There is also evidence to suggest that asparagus can help prevent cancer. One beneficial compound in particular that asparagus has in abundance is glutathione. Glutathione is the most prominent non-protein molecule in cells and aids in cellular detoxification. Asparagus has the highest glutathione concentrations of any fruit or vegetable! Gordon Wardlaw, a dietetics professor at The Ohio State University, outlined the following health benefits of glutathione on the California Asparagus Commission website:
While asparagus season in the northern hemisphere has come to an end, in South America the asparagus season is currently underway and it is still possible to source super healthy asparagus from the region. If you want a delicious and incredibly healthy vegetable that everyone from unborn children to the elderly can benefit from, look no further than asparagus.
The Shifting Polyethylene Market
Polyethylene terephthalate(PET) is a thermoplastic polymer resin used in the manufacture of synthetic fibers, television parts, and food and beverage packaging. There are often complex factors which directly affect the price of PET on world markets. These factors change rapidly making the PET market a particularly difficult one to predict or follow with any degree of specificity. One manufacturer has pointed out that while significant PET price fluctuations have long been common to the industry, recently these fluctuations have changed in that they can be measured in months not years as in the past. What is the current state of the PET industry, what factors affect PET pricing, and where is the PET industry likely to go in the future?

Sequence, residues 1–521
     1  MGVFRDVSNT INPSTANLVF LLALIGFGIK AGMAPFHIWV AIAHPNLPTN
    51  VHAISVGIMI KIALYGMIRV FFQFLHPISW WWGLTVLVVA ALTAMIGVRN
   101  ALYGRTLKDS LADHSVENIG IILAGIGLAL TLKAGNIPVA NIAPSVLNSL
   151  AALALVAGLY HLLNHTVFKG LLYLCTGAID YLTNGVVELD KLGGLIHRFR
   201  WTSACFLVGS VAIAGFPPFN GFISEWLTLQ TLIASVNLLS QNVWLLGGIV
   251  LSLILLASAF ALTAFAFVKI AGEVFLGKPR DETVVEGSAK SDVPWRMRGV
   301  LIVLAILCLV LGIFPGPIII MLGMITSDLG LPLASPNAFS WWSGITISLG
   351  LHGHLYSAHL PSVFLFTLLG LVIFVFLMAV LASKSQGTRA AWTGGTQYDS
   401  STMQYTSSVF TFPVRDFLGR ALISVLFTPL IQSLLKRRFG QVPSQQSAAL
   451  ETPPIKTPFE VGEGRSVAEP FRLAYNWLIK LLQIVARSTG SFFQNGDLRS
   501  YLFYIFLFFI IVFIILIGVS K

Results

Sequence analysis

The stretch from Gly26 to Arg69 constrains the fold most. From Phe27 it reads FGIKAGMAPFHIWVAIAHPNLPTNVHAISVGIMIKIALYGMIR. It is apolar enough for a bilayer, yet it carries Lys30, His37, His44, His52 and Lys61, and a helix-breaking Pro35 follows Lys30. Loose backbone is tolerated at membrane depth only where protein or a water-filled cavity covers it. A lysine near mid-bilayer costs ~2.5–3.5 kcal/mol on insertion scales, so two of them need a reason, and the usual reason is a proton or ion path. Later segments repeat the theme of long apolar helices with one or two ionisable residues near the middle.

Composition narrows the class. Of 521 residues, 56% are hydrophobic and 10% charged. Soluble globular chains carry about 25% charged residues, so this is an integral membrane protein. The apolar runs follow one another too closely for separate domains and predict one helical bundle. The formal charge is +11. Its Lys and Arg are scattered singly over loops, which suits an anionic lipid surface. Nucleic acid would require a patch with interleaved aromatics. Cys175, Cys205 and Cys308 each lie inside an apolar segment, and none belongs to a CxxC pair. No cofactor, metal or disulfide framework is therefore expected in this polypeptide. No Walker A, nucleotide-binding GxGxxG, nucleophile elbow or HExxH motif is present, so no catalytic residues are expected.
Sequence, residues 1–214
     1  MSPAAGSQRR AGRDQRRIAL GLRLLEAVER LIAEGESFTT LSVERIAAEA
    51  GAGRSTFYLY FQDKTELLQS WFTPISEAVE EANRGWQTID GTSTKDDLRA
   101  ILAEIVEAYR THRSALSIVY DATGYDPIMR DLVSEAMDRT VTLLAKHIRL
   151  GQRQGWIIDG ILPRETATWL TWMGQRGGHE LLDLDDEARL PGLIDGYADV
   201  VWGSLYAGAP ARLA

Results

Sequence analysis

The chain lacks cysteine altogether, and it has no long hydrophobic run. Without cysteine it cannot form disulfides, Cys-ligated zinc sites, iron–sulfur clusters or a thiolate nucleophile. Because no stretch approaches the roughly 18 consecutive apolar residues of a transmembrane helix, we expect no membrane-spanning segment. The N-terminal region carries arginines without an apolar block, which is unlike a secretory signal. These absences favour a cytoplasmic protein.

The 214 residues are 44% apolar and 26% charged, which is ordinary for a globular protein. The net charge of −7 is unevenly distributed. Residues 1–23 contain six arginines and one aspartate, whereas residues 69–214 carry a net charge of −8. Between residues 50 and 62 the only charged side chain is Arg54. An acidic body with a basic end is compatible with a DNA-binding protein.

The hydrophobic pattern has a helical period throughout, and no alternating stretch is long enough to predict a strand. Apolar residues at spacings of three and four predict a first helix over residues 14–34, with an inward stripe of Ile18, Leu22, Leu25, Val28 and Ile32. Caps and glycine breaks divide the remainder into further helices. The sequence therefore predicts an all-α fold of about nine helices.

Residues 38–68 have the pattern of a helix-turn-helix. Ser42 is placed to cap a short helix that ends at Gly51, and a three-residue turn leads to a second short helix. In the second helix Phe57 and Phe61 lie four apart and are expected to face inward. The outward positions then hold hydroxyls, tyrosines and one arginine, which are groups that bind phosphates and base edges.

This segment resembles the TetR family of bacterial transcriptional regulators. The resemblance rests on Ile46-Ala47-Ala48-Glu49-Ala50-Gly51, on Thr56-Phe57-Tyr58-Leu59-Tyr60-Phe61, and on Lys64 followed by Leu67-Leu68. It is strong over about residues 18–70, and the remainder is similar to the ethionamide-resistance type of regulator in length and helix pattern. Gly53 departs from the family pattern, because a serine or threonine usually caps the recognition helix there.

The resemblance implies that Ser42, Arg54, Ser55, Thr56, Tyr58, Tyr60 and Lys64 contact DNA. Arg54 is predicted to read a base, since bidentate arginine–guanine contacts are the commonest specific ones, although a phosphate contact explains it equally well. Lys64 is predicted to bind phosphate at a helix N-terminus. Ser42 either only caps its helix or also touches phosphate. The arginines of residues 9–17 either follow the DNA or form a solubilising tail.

PET prices increased considerably starting in the 4th quarter of 2009 and have continued to increase through the first part of 2010. There is some indication that prices are stabilizing in the final half of 2010. Westlake Chemical, the third largest producer of polyethylene in North America, reported increased earnings from $17.9 million in the first quarter of 2010 to $56.9 million in the second quarter of this year. It is important to note though that these earnings were largely attributed, “…to higher average sales prices for all major products.” It is likely that as chemical companies’ profit margins stabilize, so also will the price of PET, but that is assuming there will be a consistent global supply of raw material.
The reasons for these recent price increases are complex and PET producers often make production capacity decisions independent from other market factors. Fuel prices, transportation costs, raw material prices, and consumer spending can all have a direct effect on the size and duration of PET price fluctuations. Recently the rise in popularity of flat panel TV’s, which use a thick gauge PET has taken much of the capacity formerly reserved for manufacturing uses such as food packaging. In addition there are rumors that a Chinese government subsidized conversion to digital televisions will lead to the manufacture of 40,000,000 new televisions, possibly eliminating China’s ability to export PET in the coming months, and perhaps even forcing them to look abroad for product. While it seems that currently PET prices have somewhat stabilized, the future might hold enough new uses for PET to limit supplies available for food packaging, driving up prices and lowering available raw product.
Did you Know...?
In order to prove that eating potatoes is healthy, the Executive Director of the Washington State Potato Commission has committed to eating ONLY potatoes for 60 days from October 1st until November 29th! The decision was made partly in response to recent government efforts to limit potatoes in Federal child nutrition programs.